By Denise Marray /Gulf Times Correspondent /London
Qatar Charity UK has given its support as a key sponsor to a nationwide schools’ project to promote business skills and entrepreneurship. QCUK deputy director general, Fadi Itani, joined a panel of judges comprising executives from co-sponsor Apax Partners, Twitter, TeenzApp, Emergent Telecom Ventures and Hogan Lovells to select the winning business pitch from the finalists of the Mosaic Enterprise Challenge 2017.
Mosaic, founded by the Prince of Wales, and part of The Prince’s Trust, inspires young people from deprived communities to realise their talents and potential.
The 4,920 students aged 11-16 from 107 schools participating in the challenge benefited from the mentoring of 440 volunteers from companies including Jaguar Land Rover, PwC, Marks & Spencer and HSBC. The winning pitch was made by Skinners’ Academy, sponsored by The Skinners’ Company, one of the Great Twelve Livery Companies of the City of London.
QCUK‘s mission is to assist and empower individuals and organisations of the most disadvantaged people in society to improve their social and economic conditions through educational, cultural, economic and humanitarian programmes.
Speaking to Gulf Times at the event, Itani commented: “It is ideal to make these young people consider how they can be successful while they are still studying at school. We have seen some amazing ideas. At QCUK we believe in educational projects such as this as in our view education is the best investment and gift you can give to young people.”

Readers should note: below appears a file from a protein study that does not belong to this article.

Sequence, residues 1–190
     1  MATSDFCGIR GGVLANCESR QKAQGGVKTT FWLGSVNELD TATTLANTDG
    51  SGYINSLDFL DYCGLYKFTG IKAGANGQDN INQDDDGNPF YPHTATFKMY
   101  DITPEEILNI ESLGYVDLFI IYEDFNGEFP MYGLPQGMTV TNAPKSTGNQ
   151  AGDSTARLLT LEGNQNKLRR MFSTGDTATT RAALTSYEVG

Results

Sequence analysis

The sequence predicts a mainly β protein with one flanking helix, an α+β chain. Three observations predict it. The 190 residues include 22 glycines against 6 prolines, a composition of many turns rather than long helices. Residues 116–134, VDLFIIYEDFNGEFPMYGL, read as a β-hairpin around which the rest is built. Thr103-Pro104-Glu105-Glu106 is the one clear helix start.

QCUK works with a wide range of organisations including the International Medical Corps, the Refugee Council, the Humanitarian Forum, Amirah Foundation and the Muath Trust.
Its work with the Refugee Council involves supporting Syrian children and families who have arrived in the UK. It has also supported Amirah Foundation’s Birmingham resettlement programme for Syrian refugees in the UK. Amirah provides shelter, access to services and trauma counselling. The Muath Trust, established in 1990, was founded by members of the Yemeni community, the oldest Muslim community to settle in Birmingham. The Muath Trust plays a pivotal role in helping the community integrate within wider society by helping build its capacity and encouraging its members to play a more effective role within society.
At the final of the Mosaic Enterprise Challenge which was hosted by international law firm Hogan Lovells, the audience listened to an inspiring talk by special guest, Levi Roots. A musician and self-made entrepreneur famous for his Reggae Reggae Sauce, Roots explained that when he arrived in the UK from Jamaica at the age of eleven he had to struggle as he had had no schooling. But he had received a great, bolstering foundation of love and support from his grandmother who raised him before he was sent to the UK and who gave him a love of traditional cooking.
Growing up in a tough neighbourhood in London, he said that before he set out in the world he had to make himself fit to operate in the world – and that meant learning how to present himself, act on opportunities, understand the mechanics of enterprise and learn from others who gave valuable advice and support.
“When it comes to success it is important to remain true to your vision, be prepared to work extremely hard and to have the flexibility and lack of ego to recognise when you need to make a change of course,” Roots added.
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